My basic message can be put in a straightforward way: humanities scholars should improve their way of asking questions. Their questions about the human condition need to be as clear and simple as possible in order to enable unambiguous answers. Simple without being simplistic, nuanced without being embroiled – that is the ideal. Unambiguous answers (not to be confused with irrefutable answers) are much wanted, although not always possible to attain. Moreover, if one wants the questions to be highly significant for the understanding of the human condition, there should not be too many questions. Even in this respect, there is much to be wanted in today’s humanities research. Instead of gathering around a limited set of profound questions and holding on to them until the answers begin to appear, generally the humanist guild scatters its scientific energy on too many disparate things – replacing them far too often with hundreds of new questions, ‘perspectives’ and ‘problematisations’. In its turn, such a research culture may hamper a cumulative growth of knowledge, the possibility of which, moreover, is regrettably often denied or even viewed with suspicion.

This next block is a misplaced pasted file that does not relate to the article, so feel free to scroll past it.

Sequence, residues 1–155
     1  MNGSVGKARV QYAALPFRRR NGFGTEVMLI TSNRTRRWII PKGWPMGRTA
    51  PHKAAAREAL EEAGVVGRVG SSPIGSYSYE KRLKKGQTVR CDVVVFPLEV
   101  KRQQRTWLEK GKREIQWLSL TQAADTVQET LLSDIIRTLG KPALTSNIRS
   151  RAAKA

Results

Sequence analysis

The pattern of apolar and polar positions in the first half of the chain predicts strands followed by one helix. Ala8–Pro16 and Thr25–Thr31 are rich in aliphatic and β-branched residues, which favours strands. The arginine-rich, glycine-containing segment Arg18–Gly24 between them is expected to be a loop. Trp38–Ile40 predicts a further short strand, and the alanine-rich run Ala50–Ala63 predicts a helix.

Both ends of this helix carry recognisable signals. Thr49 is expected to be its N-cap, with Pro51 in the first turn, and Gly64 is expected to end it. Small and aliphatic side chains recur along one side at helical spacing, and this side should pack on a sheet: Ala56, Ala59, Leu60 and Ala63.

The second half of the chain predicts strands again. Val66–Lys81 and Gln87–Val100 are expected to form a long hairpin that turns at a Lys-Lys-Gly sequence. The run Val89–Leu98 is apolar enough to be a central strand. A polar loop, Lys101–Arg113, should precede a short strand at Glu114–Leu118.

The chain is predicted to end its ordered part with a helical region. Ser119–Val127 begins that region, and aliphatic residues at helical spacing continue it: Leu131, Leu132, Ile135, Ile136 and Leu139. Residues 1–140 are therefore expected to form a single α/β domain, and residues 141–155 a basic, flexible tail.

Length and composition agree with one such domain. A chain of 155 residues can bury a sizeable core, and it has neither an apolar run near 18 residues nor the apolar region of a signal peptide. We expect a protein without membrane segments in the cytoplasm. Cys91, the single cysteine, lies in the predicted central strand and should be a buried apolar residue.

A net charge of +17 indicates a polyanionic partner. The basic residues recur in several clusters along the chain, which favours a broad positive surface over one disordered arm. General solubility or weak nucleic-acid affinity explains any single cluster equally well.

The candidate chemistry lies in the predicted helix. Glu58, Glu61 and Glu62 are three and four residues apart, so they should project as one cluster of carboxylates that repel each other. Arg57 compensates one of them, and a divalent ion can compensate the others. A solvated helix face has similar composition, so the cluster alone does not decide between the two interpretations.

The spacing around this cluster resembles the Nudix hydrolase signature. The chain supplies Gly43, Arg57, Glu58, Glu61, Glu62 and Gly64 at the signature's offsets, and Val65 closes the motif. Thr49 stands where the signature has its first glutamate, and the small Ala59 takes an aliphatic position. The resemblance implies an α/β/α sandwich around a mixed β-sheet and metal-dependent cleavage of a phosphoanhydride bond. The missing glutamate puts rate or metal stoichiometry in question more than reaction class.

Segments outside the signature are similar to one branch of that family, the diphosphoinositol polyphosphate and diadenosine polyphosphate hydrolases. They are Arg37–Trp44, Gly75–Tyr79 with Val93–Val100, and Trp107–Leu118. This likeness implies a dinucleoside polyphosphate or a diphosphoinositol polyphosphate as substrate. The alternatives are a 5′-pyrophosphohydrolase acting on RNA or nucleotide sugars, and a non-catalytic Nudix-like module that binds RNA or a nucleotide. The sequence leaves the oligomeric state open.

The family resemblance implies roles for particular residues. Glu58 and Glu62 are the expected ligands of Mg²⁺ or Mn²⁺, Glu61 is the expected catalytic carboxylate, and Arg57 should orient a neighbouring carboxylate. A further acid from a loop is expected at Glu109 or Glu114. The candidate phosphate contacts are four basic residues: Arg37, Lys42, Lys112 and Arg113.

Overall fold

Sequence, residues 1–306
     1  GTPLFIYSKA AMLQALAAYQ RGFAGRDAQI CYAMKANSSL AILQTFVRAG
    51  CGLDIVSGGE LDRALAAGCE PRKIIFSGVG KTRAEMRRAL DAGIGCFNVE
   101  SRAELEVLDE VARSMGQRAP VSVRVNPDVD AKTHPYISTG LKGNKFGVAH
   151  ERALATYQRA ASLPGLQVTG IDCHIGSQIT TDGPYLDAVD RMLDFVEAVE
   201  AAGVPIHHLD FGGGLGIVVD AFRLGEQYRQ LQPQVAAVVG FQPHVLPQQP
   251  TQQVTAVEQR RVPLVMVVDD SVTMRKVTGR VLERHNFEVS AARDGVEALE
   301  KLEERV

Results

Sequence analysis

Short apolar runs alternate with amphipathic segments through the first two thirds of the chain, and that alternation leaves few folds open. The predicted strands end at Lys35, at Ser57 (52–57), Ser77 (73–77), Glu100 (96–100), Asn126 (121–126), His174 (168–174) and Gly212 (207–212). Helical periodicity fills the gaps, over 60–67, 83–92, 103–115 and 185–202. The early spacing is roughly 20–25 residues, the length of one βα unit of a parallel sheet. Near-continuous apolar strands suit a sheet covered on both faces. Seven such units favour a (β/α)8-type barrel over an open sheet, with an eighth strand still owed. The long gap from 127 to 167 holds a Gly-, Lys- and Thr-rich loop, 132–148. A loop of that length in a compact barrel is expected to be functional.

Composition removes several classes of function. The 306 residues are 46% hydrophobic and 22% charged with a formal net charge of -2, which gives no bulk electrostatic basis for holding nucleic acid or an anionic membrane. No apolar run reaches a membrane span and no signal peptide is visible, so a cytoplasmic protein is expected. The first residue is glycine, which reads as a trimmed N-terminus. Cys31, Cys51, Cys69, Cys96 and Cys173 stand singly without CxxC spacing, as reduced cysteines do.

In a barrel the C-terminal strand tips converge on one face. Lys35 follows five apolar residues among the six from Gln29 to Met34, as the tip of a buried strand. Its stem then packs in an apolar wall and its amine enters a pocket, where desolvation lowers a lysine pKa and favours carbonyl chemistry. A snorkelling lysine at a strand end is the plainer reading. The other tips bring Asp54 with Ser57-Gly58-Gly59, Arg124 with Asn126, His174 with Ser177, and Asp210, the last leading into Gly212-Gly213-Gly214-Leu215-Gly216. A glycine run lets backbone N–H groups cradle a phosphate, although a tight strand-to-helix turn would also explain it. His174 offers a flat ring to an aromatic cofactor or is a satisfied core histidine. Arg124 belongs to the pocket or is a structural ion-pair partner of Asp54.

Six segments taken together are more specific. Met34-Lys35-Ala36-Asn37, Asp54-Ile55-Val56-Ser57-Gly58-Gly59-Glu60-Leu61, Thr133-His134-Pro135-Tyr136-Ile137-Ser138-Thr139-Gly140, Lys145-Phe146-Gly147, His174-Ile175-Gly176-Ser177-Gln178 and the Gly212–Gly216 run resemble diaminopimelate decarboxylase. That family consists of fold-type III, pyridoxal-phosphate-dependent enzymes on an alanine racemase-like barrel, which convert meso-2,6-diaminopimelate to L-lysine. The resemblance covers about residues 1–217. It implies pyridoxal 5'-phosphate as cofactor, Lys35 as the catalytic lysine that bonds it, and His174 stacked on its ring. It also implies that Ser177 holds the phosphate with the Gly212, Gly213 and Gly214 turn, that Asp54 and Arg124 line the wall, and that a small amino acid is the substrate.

In this book, I am doing two things to redress the current problems in the humanities world-wide. Firstly, I present and discuss a set of big but still insufficiently addressed topics that humanities researchers should focus over a sustained period of time, such as what explains that some kinds of knowledge are widely accepted whereas other kinds of knowledge are rejected, or what explains the widespread diffusion of inequality paralleled by a gradual emergence of egalitarianism over the centuries, et cetera. Secondly, I discuss in general terms what the humanities are or should be, as well as what they are not or should not be. Basically, humanities researchers should consider their field as an integral part of science, although uniquely dealing with humans a decision making, meaning seeking and self-reflecting agents.